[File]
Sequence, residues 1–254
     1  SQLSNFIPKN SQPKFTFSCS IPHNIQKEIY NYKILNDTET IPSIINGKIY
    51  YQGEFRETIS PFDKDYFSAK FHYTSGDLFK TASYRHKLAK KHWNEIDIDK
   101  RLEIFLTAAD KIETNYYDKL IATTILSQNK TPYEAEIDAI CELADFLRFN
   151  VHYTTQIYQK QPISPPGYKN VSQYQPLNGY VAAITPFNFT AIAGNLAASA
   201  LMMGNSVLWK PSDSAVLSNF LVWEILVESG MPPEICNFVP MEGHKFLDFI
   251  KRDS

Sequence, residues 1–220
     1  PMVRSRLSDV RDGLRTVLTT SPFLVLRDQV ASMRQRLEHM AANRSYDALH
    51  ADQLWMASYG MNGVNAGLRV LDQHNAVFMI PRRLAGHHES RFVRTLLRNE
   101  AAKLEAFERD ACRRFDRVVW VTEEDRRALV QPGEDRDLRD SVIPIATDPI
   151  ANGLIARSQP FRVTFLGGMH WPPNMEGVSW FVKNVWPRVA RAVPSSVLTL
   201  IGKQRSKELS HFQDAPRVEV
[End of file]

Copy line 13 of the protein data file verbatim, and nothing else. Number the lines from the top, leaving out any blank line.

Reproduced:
   201  IGKQRSKELS HFQDAPRVEV